Attorney General Reminds Consumers of Deadline to File Claims for the Equifax Data Breach
Updated: Feb 6
Attorney General Ashley Moody today issued a Consumer Alert to remind consumers affected by the massive Equifax data breach to file claims before the Jan. 22 deadline. The 2017 data breach affected nearly half of the U.S. population and Attorney General Moody’s Office reached an agreement with Equifax creating a Consumer Restitution Fund of up to $425 million. Attorney General Moody encourages all eligible consumers to file a claim before the deadline by visiting EquifaxBreachSettlement.com or calling 1(833) 759-2982. Attorney General Ashley Moody said, “The massive Equifax data breach affected millions of consumers and there is relief available for victims, but the deadline to file a claim is quickly approaching. That is why I am encouraging all eligible consumers to please file a claim before the deadline on Wednesday, January 22.” In July 2019, Attorney General Moody announced an agreement reached with Equifax over the company’s failed security measures in a data breach that allowed attackers to penetrate the company’s system that went unnoticed for 76 days. The agreement is the result of a multistate investigation into the breach that found Equifax failed to maintain a reasonable security system enabling hackers to penetrate its systems. Affected personal information included Social Security numbers, names, dates of birth, addresses, credit card numbers, and in some cases, driver’s license numbers. Along with the announcement of the claims process, came reports of phishing attacks related to the Equifax claims process. Attorney General Moody issued a previous Consumer Alert, warning consumers not to fall for scams attempting to steal consumer information using fake Equifax claims webpages. With the claims deadline quickly approaching, consumers should still be wary of these phishing attacks and use the following tips:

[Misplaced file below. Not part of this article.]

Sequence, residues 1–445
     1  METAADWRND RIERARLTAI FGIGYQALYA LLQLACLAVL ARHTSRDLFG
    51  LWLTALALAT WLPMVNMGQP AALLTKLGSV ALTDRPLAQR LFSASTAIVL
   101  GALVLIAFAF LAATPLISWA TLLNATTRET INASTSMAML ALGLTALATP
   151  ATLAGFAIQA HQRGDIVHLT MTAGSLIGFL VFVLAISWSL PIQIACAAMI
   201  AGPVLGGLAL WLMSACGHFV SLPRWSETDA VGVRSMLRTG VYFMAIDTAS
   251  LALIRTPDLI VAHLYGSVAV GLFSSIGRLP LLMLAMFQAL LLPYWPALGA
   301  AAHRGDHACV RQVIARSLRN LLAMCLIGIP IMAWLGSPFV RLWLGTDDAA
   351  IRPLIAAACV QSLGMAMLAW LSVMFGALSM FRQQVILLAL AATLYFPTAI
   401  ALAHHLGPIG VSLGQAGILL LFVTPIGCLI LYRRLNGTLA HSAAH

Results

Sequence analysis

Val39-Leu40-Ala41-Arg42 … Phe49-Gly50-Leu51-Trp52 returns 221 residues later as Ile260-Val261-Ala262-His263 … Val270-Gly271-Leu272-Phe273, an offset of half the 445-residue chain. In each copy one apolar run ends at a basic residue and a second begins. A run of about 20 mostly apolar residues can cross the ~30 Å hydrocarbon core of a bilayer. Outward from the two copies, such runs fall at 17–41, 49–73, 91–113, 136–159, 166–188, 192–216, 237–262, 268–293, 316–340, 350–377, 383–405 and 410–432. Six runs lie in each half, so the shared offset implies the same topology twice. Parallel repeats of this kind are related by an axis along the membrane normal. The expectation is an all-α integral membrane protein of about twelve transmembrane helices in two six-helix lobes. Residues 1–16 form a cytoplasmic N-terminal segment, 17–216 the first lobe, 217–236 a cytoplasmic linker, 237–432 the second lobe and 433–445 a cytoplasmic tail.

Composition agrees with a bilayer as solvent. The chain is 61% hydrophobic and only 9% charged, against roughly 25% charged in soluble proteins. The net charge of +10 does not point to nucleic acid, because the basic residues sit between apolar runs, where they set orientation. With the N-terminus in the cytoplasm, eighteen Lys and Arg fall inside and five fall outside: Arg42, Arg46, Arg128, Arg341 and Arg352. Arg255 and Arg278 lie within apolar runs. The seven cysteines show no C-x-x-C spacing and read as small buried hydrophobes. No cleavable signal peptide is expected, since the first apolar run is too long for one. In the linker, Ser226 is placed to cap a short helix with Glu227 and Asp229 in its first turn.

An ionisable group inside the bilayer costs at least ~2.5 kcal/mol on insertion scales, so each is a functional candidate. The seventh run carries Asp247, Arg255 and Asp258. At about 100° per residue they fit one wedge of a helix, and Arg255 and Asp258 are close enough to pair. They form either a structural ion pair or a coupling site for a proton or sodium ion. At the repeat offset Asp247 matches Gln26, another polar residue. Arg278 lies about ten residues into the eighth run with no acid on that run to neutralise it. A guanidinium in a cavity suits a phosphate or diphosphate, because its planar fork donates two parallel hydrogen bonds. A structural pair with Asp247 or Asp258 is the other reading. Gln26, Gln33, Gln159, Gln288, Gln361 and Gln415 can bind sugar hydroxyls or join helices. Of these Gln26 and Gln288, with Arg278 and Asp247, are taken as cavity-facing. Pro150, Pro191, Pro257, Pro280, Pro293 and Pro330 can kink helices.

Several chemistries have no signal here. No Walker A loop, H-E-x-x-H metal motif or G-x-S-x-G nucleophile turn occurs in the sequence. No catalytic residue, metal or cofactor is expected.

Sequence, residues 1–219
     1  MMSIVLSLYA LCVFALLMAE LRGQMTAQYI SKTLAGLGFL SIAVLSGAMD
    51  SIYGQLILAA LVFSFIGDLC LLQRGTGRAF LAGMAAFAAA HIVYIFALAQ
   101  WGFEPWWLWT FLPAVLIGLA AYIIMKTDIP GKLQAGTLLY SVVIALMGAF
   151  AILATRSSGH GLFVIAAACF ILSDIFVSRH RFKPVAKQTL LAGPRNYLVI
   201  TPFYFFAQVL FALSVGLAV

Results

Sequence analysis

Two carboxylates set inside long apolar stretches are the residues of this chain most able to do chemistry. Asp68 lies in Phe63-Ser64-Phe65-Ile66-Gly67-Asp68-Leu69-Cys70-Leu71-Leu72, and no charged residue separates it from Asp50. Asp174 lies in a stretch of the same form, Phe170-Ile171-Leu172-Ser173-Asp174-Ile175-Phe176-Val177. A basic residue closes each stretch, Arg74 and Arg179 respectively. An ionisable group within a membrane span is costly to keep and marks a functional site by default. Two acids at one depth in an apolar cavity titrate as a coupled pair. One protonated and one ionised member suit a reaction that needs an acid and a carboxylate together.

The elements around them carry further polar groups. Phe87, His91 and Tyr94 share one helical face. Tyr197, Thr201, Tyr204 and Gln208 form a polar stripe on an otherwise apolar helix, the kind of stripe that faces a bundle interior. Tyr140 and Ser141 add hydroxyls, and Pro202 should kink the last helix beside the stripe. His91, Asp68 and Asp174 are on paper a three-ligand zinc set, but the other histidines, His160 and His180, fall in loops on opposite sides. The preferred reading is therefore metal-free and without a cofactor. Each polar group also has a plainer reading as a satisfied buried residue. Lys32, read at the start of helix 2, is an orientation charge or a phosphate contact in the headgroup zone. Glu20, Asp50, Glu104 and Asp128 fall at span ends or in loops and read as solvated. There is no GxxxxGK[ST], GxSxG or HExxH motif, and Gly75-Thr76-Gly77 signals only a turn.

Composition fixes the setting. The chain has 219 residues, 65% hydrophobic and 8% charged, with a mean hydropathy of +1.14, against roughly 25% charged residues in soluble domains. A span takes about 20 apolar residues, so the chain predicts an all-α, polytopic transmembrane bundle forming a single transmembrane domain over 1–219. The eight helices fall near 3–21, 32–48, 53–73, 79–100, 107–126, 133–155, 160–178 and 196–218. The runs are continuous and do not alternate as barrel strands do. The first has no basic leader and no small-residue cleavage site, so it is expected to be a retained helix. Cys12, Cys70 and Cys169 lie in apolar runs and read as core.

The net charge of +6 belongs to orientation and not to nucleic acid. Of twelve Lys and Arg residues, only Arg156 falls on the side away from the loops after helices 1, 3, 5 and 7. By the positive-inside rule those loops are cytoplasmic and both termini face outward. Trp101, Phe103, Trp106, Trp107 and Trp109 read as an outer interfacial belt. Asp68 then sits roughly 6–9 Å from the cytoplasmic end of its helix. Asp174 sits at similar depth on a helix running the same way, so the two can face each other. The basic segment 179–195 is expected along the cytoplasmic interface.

Do not open emails or attachments from an unfamiliar sender;
Hover cursors over links in emails to see where the links lead to determine if the links are known and trusted web addresses;
Study the email or attachment carefully for any spelling or grammar issues;
Verify the legitimacy of the email with its source by contacting the institution at the web address or phone number listed on a bill or statement; and
Notify the institution of any phishing attempts made in its name; it may wish to send an alert or warning to its customers.